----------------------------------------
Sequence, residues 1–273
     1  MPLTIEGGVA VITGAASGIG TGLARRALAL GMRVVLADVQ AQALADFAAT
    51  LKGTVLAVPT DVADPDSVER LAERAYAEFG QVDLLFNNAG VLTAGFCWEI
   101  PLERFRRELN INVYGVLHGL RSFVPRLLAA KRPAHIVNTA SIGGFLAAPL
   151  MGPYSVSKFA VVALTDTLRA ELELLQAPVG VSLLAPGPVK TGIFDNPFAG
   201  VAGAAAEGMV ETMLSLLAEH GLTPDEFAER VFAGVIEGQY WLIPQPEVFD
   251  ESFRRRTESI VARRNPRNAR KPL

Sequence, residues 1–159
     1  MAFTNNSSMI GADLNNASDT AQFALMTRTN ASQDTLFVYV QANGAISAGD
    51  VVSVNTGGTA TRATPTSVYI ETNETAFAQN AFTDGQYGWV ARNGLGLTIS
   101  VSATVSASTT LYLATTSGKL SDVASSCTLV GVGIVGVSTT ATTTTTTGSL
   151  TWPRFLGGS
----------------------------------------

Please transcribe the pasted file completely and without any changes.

Sequence, residues 1–273
     1  MPLTIEGGVA VITGAASGIG TGLARRALAL GMRVVLADVQ AQALADFAAT
    51  LKGTVLAVPT DVADPDSVER LAERAYAEFG QVDLLFNNAG VLTAGFCWEI
   101  PLERFRRELN INVYGVLHGL RSFVPRLLAA KRPAHIVNTA SIGGFLAAPL
   151  MGPYSVSKFA VVALTDTLRA ELELLQAPVG VSLLAPGPVK TGIFDNPFAG
   201  VAGAAAEGMV ETMLSLLAEH GLTPDEFAER VFAGVIEGQY WLIPQPEVFD
   251  ESFRRRTESI VARRNPRNAR KPL

Sequence, residues 1–159
     1  MAFTNNSSMI GADLNNASDT AQFALMTRTN ASQDTLFVYV QANGAISAGD
    51  VVSVNTGGTA TRATPTSVYI ETNETAFAQN AFTDGQYGWV ARNGLGLTIS
   101  VSATVSASTT LYLATTSGKL SDVASSCTLV GVGIVGVSTT ATTTTTTGSL
   151  TWPRFLGGS